How to Make Friends With Locals in a Foreign Country
It’s dusk, and I’m hanging on a rooftop with a family I just met on the east coast of Cuba. Another power outage has blackened the streets, the shark-finned cars parked on cracked concrete, the one-story pastel houses washed yellow by the full moonlight. Four generations are here, and all of us save the baby are drinking rum and Cokes.
I’ve provided the libations and smokes (Cubans earn less per month than the average American does in two hours) but it’s their roof, candles, and red plastic chairs facing out toward the Bay of Honey.
A pair of floodlights shines inland from the maritime horizon and sweeps the shoreline. “It’s cat and mouse,” someone on our rooftop says. I’m confused until I see what he’s talking about: On the shoreline, a group of five push a motorboat into the bay. They jump in -- first the women, then the men -- paddle out to sea. “They’ll start the engine once they know they can beat the coast guard,” my friend continues. “The family pays $5,000 up front, then another $15,000 when they reach Miami.” They row until their boat is enveloped by the distant blackness.
I’ll never forget Baracoa. Watching those people flee (with their countrymen providing honest commentary) was so dissimilar from everything I knew at home. It was an intimate encounter with the vastness of the world -- a reminder of why I started traveling in the first place.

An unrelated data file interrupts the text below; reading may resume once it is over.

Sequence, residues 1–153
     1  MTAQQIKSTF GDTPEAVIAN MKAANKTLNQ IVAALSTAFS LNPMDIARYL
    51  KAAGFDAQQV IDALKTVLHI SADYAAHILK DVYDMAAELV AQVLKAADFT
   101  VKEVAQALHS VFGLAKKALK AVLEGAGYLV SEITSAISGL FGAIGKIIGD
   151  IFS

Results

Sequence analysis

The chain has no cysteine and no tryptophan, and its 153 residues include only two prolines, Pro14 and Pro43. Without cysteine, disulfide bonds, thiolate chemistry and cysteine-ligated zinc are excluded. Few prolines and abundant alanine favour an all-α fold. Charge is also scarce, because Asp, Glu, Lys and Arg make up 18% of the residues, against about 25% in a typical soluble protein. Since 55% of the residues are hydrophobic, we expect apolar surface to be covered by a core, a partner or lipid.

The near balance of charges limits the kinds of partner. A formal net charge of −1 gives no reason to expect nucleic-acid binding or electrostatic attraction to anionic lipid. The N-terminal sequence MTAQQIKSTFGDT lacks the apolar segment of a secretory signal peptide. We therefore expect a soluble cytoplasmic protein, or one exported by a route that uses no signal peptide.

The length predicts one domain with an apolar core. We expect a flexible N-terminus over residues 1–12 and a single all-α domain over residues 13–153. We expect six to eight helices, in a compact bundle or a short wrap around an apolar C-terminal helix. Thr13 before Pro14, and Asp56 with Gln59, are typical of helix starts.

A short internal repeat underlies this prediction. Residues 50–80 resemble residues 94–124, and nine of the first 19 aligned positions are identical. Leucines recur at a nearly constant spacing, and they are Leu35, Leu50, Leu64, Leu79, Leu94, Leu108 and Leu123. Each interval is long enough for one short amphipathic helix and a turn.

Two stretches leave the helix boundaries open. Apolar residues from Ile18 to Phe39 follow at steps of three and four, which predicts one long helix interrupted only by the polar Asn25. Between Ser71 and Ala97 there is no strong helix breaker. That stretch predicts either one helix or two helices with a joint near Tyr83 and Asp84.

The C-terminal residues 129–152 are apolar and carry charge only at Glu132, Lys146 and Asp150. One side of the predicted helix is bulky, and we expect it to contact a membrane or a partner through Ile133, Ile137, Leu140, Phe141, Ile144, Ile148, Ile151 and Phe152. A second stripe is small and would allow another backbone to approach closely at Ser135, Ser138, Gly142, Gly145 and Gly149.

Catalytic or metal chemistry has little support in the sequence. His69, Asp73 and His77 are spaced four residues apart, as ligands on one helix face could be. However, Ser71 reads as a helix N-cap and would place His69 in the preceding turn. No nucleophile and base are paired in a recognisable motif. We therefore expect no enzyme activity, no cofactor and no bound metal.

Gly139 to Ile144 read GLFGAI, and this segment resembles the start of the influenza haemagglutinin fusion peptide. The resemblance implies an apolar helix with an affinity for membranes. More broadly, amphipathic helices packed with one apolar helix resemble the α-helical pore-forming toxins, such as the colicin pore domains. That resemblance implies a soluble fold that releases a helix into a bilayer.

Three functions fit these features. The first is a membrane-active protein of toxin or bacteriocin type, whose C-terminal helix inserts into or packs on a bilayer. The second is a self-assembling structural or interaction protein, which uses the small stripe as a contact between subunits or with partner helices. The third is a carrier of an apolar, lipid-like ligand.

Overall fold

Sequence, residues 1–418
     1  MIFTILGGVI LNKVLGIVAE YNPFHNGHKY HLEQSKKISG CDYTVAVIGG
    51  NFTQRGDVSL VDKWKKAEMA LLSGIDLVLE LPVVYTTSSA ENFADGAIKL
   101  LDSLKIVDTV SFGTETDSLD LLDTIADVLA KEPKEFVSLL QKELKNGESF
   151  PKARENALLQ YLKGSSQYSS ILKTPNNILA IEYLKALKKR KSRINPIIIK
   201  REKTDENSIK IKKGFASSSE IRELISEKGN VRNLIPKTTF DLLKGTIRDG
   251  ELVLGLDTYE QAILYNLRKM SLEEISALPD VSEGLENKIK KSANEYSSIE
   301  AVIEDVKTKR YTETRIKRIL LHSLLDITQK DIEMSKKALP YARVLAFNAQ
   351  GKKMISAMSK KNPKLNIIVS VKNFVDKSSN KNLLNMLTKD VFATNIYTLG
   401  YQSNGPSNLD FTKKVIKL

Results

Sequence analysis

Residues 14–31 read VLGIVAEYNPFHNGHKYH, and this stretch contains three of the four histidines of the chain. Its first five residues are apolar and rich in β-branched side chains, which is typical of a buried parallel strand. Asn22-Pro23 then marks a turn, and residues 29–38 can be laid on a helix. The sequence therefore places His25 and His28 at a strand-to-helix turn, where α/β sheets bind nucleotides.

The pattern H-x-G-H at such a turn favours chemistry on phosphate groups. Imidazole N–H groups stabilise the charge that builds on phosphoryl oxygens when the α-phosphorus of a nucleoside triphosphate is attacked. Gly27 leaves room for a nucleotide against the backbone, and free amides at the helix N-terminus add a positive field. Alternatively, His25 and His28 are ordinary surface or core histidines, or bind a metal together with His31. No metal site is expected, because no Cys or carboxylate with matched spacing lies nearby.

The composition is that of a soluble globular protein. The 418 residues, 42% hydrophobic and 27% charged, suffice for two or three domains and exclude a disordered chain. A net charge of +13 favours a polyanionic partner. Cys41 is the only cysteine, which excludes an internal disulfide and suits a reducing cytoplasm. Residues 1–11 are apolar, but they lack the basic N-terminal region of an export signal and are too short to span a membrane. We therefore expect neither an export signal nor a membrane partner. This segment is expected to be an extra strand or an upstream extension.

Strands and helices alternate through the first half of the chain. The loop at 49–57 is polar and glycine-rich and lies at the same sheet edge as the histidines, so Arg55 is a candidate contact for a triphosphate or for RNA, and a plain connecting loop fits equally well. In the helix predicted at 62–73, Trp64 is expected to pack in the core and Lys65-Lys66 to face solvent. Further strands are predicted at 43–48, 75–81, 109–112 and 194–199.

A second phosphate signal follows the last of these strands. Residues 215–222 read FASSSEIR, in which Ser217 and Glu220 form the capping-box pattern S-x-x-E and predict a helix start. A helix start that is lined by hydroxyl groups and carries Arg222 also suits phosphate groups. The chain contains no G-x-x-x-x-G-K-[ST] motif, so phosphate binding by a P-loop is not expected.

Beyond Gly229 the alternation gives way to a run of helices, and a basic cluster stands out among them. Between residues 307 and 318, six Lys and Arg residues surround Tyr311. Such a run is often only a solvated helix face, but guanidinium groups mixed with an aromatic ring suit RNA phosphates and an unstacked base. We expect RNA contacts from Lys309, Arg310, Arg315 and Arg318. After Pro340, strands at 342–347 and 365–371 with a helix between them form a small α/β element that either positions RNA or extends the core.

Luck plays a part in meeting real people on your trip, sure. But you can push the odds to your favor.
Why is it so tricky to find moments like these when we travel? So often on a trip, we only interact with locals when we’re buying drinks or haggling over a souvenir. We get tripped up by language barriers, fear of straying from our guidebooks, the inhibiting comfort of the hostel scene.
Luck plays a part in meeting real people on your trip, sure. But you can push the odds to your favor. And if you do, locals reward you with a side of their country that puts the best guidebook to shame.
To meet locals, spend like one
It’s great to travel somewhere with a favorable exchange rate. For some, taking cabs and eating out every night is a huge part of the trip’s appeal: a vacation from your limited means back home.
The downside to living it up? You won’t run into locals if your lifestyle insulates you from them. Money is a barrier everywhere -- even in communist countries that have strived to eliminate class.
In Cuba, the government’s unique approach to money illustrates that point. They’ve created two different currencies: one for tourists (the convertible peso) and one for locals (the national peso). The former buys everything a tourist could want: hotel rooms, booze, taxi rides, food. The latter buys the daily staples that Cubans need: fruits and vegetables, the municipal bus fare.